Now these markers are interesting, but if there’s one big idea I want you to take away from my remarks, it’s that generational differences go much deeper.


You Millennials grew up in an era of rising parental protection, never knowing a time without bicycle helmets, electric plug covers, Amber Alerts, and fifteen different ways to be buckled into your minivan seat. We, the parents, grew up in an era of declining parental protection: Our moms and dads told us, “We don’t care where you go so long as you’re home for dinner.” As for seatbelts, we were told if there’s an accident to just throw up our hands to protect our heads. As kids, we never saw a “Baby on Board” sticker. “Baby Overboard” would have been more appropriate.

You Millennials were raised to be special—very special—and to trust your counselors, support groups, and smart drugs to keep you feeling pretty good about the world, like a Sims character having just the right digital balance. We, the parents, knew we weren’t very special, didn’t trust anyone to advise us, and thought staying away from counselors was a sign of toughness. When you came to college, there were long orientations and immersions, and many of your parents clutched teddy bears and wept. When we came to college, we jumped out of the car and tried to grab our suitcases before our parents sped off.

You Millennials were raised to be team players—and you are, with community service, group projects in the classroom, and clubs for everything. And, above all, you are team players with digital technology that connects you all to each other on Facebook, and smartphones that you take to bed with you. We, the parents, were a lot more into competition, rebellion, and defying the mainstream. We did not “friend” each other. Our generation invented the “personal” computer. Personal, as in “mine and not yours,” and certainly not part of the corporate mainframe our own parents bequeathed to us. Growing up, our biggest fear was that Big Brother might someday install cameras in our rooms. Our biggest joy was hearing Steve Jobs announce that ” 1984 won’t be like 1984.” And now, our biggest surprise has been to see our kids connect with each other by installing their own cameras in their own rooms!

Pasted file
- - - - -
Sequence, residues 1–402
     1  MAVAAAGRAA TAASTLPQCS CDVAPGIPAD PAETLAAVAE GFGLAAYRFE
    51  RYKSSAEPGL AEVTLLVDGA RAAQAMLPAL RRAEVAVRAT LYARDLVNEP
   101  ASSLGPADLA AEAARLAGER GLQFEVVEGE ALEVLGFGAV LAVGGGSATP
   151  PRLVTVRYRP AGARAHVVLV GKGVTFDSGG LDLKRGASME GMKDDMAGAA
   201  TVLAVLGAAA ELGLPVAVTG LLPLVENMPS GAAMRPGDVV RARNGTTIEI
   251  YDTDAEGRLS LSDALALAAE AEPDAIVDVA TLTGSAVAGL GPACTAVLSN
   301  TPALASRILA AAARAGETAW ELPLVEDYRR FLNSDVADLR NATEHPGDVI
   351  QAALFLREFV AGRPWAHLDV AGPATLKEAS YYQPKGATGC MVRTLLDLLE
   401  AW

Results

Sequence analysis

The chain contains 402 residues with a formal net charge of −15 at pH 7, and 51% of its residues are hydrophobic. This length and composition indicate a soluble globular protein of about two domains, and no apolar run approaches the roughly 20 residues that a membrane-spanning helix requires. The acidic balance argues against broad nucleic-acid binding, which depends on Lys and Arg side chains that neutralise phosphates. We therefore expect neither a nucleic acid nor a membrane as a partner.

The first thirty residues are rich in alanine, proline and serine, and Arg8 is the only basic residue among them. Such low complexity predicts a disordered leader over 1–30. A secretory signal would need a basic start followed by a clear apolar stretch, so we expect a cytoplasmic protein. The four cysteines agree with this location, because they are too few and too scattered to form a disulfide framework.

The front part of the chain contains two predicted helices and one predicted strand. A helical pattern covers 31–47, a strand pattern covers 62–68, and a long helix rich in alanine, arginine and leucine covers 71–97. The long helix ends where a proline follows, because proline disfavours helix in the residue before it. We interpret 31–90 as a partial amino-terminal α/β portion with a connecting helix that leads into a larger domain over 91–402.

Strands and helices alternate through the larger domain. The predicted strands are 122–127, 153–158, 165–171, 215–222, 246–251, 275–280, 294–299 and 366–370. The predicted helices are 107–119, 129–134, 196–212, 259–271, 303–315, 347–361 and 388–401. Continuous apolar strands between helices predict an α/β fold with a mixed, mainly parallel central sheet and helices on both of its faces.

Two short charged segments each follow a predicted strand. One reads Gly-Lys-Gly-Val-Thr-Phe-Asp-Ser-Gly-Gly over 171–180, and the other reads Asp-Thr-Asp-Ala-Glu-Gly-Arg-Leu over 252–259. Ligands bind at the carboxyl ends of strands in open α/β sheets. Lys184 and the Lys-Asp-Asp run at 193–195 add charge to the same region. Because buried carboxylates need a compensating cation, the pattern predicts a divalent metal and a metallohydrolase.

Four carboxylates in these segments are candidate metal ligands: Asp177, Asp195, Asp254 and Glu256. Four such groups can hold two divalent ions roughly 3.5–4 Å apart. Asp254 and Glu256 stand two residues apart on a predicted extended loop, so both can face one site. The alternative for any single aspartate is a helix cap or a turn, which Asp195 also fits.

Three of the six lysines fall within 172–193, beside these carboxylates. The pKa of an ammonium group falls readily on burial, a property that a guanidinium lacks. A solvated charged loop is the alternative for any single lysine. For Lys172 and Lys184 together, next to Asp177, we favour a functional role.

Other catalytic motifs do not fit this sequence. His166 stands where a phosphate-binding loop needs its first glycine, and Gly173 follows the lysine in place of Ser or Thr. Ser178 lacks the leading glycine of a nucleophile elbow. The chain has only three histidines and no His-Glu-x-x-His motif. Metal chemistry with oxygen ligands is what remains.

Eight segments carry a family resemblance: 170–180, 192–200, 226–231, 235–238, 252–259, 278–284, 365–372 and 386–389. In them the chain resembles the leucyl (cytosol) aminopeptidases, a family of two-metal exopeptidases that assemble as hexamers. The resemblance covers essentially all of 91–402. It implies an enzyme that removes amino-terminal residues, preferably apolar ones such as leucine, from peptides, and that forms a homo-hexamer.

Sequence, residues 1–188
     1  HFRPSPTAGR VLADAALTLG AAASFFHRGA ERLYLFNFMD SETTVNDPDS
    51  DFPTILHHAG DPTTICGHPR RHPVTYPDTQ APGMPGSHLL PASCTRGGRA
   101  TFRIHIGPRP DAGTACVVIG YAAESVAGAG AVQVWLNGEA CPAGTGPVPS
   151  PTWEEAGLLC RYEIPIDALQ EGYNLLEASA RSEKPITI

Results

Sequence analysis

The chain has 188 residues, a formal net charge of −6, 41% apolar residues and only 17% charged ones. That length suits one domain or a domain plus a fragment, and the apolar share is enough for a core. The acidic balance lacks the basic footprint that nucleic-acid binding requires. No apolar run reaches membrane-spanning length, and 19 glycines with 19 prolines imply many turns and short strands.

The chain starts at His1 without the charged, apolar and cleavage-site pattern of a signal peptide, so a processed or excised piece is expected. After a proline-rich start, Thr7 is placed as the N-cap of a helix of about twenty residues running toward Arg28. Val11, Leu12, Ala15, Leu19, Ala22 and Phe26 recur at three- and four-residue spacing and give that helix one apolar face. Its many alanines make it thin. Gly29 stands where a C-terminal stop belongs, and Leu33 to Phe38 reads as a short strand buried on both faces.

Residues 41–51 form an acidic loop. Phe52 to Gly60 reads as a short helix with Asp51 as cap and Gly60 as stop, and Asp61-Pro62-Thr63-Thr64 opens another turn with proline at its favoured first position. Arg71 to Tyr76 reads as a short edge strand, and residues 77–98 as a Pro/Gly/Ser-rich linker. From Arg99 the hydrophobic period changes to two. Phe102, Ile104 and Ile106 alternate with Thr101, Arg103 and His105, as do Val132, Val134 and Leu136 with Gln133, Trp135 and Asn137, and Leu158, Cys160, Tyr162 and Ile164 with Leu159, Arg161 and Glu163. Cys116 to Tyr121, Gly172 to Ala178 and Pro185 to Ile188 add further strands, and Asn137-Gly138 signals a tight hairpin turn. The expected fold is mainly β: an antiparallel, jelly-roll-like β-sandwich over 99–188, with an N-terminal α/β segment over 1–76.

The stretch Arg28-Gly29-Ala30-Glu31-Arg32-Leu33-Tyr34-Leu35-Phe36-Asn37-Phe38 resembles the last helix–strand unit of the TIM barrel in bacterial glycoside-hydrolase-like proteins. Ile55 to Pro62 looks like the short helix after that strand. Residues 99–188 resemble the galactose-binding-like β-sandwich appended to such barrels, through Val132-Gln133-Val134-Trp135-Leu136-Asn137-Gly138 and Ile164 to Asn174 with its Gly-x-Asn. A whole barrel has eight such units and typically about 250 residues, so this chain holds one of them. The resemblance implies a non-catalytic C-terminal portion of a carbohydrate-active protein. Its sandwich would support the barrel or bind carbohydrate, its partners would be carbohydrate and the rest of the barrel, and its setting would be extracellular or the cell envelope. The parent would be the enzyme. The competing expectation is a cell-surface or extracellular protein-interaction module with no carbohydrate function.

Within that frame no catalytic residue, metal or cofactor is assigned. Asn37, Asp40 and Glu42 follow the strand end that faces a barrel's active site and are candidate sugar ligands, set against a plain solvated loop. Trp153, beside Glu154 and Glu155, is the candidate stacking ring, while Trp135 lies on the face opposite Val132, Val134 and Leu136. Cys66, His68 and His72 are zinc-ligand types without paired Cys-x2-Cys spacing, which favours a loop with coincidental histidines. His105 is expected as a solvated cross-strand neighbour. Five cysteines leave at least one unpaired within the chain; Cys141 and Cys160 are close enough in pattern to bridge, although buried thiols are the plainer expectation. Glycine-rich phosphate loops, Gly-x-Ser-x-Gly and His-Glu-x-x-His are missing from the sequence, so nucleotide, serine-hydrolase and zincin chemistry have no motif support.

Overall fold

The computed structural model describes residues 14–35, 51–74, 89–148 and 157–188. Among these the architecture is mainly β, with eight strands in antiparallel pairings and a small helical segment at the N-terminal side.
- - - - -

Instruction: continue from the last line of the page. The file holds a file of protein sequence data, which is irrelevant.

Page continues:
As a generation, you Millennials have a surprisingly conventional outlook on life. Surveys show that as you grow older you wish to become good citizens, good neighbors, and well-rounded people who start families. Violent youth crime, teen pregnancy, and teen smoking have recently experienced dramatic declines, and for that we congratulate you.

Most startling of all, the values gap separating youth from their parents has virtually disappeared. You watch the same movies as your parents, buy the same brand-name clothing, talk over personal problems with them—and, yes, feel just fine about moving back in with them. When I travel around the country, I often ask people now in their 40s or 50s how many songs on their iPod overlap with what’s on their kids’ iPods. The typical answer is 30 to 40 percent. Let me tell you, back in my days on campus (later known as “the days of rage”), we did not have iPods, but if we had, the overlap would have been absolutely zero. Everything about our youth culture was intentionally hostile and disrespectful of our parents. That was the whole idea.